Roark another example of Nationals system helping pitcher get better

Right-hander Tanner Roark has been a key to the Nationals rotation coming together as a consistent, cohesive unit.

It is hard to believe Roark lost 17 games in 2012. He slowly but surely made progress and then in 2013, after going 9-3 with a 3.15 ERA for Triple-A Syracuse, got his chance with the Nationals.

While with the Nationals, he went 7-1 with a 1.51 ERA in 14 games, five of those starts.

This season he has already made 12 starts, going 4-4 with a 2.91 ERA. He has 101 strikeouts and only 29 walks in the last two seasons.

His numbers could be even better if he had received even middle-of-the-road run support and hadn't matched up with the Ranger's Yu Darvish, losing that game 2-0. He gave up five earned runs in his three losses. The Nationals offense offered only a total of three(!) runs in those three games against the Reds, Marlins and Rangers. He lost the Cincinnati game 2-1 and the Miami game 3-2.

His ERA actually dropped 17 points from 3.42 to 3.25 during that three-game losing streak.

Then on June 6, Roark produced an absolute gem - he struck out a career-high 11 batters, allowed no runs in eight innings with no walks and just three hits surrendered. He had given up just one hit in the first seven innings in the 6-0 defeat of the Padres.

Roark was acquired with Ryan Tatusko in the 2010 trade from Texas for shortstop Cristian Guzman. Credit the Nationals scouting department for recognizing the talent. Credit pitching coordinator Spin Williams, pitching coaches Paul Menhart and Chris Michalik for sticking with Roark, filling him with confidence and the tools to change his method after 17 losses in 2012. Since then, Roark has won 20 games.

A.J. Cole and Blake Treinen are other examples of pitchers that have come in trades, ironically both from the Oakland A's, and have flourished with the Nationals.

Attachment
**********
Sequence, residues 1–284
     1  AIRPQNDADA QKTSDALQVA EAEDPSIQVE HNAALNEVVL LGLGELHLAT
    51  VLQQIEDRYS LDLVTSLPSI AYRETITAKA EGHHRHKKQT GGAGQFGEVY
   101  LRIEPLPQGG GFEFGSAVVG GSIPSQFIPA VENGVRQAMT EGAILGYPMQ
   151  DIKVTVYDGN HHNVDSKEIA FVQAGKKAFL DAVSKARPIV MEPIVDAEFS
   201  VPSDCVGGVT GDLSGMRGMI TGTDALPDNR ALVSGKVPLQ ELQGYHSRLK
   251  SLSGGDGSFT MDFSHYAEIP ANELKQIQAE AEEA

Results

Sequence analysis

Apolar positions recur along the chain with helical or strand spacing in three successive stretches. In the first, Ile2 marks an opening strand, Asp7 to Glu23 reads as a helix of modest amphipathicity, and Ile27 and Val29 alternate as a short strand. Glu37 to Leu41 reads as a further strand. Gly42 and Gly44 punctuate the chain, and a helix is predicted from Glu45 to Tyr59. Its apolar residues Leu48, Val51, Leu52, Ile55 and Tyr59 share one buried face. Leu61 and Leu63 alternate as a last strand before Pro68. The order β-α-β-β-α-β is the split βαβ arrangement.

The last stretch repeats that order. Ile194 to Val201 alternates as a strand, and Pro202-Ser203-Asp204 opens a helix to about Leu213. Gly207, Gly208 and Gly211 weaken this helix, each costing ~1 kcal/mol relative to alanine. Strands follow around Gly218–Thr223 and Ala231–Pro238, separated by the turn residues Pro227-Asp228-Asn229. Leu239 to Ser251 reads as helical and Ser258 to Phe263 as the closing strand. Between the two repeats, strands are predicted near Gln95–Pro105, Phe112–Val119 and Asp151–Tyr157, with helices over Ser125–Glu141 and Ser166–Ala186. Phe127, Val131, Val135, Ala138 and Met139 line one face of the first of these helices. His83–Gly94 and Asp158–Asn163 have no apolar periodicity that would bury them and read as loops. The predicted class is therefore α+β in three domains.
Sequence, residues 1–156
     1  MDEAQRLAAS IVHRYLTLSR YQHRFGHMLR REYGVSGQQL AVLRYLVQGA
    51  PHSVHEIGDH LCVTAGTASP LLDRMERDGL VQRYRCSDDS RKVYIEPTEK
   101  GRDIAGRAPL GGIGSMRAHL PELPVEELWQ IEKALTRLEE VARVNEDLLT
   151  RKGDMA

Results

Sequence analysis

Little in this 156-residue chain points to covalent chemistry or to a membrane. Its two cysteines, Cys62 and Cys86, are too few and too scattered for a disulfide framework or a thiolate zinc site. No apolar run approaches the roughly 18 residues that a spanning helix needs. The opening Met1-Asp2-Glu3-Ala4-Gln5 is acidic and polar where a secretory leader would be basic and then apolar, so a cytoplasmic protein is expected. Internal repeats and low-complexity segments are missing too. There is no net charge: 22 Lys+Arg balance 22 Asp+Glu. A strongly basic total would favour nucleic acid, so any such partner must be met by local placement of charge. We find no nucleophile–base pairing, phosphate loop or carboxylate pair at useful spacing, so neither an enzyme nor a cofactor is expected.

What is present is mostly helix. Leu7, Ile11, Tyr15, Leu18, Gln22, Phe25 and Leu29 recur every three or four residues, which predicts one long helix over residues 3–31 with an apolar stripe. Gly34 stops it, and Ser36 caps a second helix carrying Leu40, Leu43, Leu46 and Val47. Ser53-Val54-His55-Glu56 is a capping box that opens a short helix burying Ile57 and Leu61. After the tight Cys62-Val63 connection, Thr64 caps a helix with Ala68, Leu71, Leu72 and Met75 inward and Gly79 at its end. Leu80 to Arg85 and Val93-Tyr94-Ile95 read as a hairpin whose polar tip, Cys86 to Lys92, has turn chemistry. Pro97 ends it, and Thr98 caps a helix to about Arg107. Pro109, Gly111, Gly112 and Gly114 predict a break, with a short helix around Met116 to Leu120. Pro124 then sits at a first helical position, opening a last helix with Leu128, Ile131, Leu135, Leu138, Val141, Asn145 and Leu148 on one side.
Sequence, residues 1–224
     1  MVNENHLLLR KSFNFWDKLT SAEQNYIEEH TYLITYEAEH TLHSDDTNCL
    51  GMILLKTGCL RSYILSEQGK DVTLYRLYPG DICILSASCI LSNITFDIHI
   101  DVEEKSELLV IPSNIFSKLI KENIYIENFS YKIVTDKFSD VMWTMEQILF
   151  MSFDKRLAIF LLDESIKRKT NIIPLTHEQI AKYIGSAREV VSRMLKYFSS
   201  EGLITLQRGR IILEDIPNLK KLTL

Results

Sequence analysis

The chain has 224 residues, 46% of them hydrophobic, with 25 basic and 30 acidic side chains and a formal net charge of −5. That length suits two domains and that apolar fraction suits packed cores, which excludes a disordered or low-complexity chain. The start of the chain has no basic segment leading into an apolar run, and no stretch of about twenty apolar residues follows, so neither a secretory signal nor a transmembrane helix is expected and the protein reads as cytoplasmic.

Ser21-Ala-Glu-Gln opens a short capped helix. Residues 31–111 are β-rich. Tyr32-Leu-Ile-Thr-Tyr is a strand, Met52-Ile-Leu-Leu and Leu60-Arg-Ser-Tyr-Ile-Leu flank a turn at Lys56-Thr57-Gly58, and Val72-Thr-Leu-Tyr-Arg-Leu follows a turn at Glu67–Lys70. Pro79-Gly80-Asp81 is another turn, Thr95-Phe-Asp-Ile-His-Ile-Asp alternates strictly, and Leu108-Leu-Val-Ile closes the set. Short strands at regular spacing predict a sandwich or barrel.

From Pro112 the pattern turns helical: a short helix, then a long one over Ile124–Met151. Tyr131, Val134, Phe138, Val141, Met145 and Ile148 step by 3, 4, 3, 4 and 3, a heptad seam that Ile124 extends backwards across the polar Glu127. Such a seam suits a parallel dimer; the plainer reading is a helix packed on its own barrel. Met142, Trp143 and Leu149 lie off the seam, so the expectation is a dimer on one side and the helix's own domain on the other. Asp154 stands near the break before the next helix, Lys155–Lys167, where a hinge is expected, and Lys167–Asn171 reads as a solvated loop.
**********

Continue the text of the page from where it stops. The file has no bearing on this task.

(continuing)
Cole is 5-2 with a 2.30 ERA in 11 starts with Double-A Harrisburg this season. In 54 2/3 innings, he has recorded 46 strikeouts. On May 17, he tossed a complete-game shutout. That week, he was named the Eastern League Pitcher of the Week.

In 2012 with Stockton in the A's system, Cole was 0-7 with a 7.82 ERA.

Treinen also pitched for Stockton in 2012, going 7-7 with a 4.37 ERA in 24 games (15 starts).

This season, Treinen was 2-0 with a 1.96 ERA in six starts for Triple-A Syracuse. With the Nationals, he is 0-2 with a 1.78 ERA in seven games, including three starts.

Roark, Treinen, Nathan Karns and Taylor Jordan have all been called up within the last two seasons and have pitched well at the major league level. The pitching coaches and scouting departments of the Nationals have to be given some credit for getting these guys major league ready. When these hurlers struggled at times with other teams, the Nationals have done a good job of cleaning up their mechanics and working on improving the mental side of their games.

The next pitcher who could be close to getting the call is right-hander Taylor Hill.

We have talked about his work already this season. Despite allowing 14 hits in five innings and suffering only his second loss of the season on June 8, Hill is still 8-2 with a 1.92 ERA for Triple-A Syracuse. He has 52 strikeouts and only nine walks. He has surrendered only five walks in his past 10 starts.

Also, Nationals top pitching prospect Lucas Giolito spun four innings last night for low Single-A Hagerstown. He gave up no hits, three walks, no runs and struck out six batters. I would expect Giolito's innings limit to be moved up to five innings in his next start in five or six days. This is a very good sign that Giolito made it through four innings Monday. He has pitched only seven innings in two starts since May 11.

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